Sales Force Effectiveness Methodologies

A sales consulting firm designs and implements many different methodologies, in dozens of industries, across the globe. As a result, they have the scar tissue and have already paid the dumb taxes. 


The sales consulting firm understands sales force effectiveness methodologies better than the client. The client is focused on one business, theirs. Therefore, the sales consulting firm must make sure the client avoids the common mistakes.


Problem Diagnosis

A sales consulting firm is hired by a client when a problem exists that they cannot solve themselves. The client either does not have the time, resources, or knowledge to fix it. They say 50% of fixing a problem is defining it correctly.  Sales consulting firms have become experts in diagnosing sales problems, for this is their business. They have honed their ability to find and address the central issue.


The sales consulting firm must help the client avoid the mistake of addressing a symptom as opposed to addressing the root cause.  An example: a client has a turnover rate of 44%.   The belief is a standard hiring process would solve the problem.  However, the sales consulting firm uncovers the real issue is the reps do not have enough leads to pursue. Installing a standard hiring process would not fix the problem for the talent level in the company is fine.  But, filling the funnel with a sufficient supply of high quality leads results in reps hitting quota and turn over dropping in half.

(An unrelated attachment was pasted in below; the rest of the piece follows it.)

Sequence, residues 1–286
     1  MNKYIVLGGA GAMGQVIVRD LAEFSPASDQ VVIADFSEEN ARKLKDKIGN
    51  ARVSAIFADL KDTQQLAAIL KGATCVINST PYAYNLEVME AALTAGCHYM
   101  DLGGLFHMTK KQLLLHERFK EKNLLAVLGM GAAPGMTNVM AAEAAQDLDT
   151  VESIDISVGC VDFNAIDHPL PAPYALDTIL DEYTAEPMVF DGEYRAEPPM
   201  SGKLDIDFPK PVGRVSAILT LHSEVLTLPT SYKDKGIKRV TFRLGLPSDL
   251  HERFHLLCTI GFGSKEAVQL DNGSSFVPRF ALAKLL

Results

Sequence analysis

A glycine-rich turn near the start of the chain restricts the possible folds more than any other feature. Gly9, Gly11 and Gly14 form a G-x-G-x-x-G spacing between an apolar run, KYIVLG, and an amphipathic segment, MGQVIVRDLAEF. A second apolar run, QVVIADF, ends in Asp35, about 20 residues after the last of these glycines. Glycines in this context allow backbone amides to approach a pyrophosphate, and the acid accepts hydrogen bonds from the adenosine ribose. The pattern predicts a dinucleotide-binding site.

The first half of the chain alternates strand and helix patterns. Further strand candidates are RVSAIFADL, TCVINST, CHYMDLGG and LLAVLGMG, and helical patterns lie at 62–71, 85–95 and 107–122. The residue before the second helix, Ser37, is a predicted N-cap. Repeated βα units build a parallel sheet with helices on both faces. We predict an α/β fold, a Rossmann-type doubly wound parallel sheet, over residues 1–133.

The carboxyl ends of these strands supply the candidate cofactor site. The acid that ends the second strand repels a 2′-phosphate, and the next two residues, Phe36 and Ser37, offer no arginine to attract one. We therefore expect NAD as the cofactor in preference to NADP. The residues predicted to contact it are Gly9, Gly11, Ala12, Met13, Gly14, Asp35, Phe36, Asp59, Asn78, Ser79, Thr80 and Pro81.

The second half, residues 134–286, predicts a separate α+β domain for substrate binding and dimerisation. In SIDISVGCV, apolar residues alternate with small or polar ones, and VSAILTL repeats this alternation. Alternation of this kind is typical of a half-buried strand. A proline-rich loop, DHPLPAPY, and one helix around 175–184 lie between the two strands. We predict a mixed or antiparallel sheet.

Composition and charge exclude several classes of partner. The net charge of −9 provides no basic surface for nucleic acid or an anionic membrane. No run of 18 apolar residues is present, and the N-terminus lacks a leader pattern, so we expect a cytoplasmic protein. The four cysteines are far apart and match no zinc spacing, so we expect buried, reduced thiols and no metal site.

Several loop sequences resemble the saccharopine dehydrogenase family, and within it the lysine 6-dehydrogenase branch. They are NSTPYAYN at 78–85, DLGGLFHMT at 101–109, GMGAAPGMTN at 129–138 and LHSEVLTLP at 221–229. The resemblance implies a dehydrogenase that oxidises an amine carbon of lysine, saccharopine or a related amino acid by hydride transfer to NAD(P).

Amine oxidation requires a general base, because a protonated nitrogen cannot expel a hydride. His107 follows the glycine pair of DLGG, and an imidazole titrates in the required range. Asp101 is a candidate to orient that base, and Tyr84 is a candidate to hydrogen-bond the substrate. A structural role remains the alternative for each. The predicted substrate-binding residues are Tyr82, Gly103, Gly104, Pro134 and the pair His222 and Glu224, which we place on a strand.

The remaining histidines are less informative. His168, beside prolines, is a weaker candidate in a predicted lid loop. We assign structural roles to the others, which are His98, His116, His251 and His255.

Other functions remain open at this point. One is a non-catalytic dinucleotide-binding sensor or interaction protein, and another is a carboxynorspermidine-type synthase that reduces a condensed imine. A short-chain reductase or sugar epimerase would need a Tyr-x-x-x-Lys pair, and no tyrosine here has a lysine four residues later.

Change Management

A sales consulting firm implements project requiring change multiple times a month.  The client might work on a major change initiative in the sales force once a year.  As a result, the sales consulting firm has more developed change management skills.  The implication is a project staffed with members from a sales consulting firm is more likely to be accepted by the field.


The sales consulting firm should make sure the client recognizes how critical change management is to the overall project success.  The days of corporate telling the field “March!” are over. It no longer works.


In summary, project success often comes down to the composition of the project team.  The sales improvement team should have a client staff that brings industry, company, and product knowledge.  It should also have members from a sales consulting firm who bring sales force effectiveness methodologies, problem diagnostics capability, and change management expertise. 


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Sales Strategy Tour


Greg Alexander

Leads the firm's focus on the CEO’s role in accelerating revenue growth by getting the product team, the marketing department, and the sales organization into strategic alignment.

Greg is the host of The SBI Podcast, the most listened to sales and marketing podcast on the internet.


He is the host of SBI TV, a monthly television program broadcast on the internet featuring top B2B sales and marketing leader sharing their strategies to grow revenues.


Greg is the Editor-in-Chief of The SBI Magazine, the leading B2B publication focused on sales and marketing effectiveness.


He is the author of two critically acclaimed books Topgrading for Sales and Making the Number.


Greg has authored over 100 articles on SBI’s award winning blog, The SBI Blog.


He graduated from The University of Massachusetts Amherst with a BA in English and received his MBA from Georgia Tech.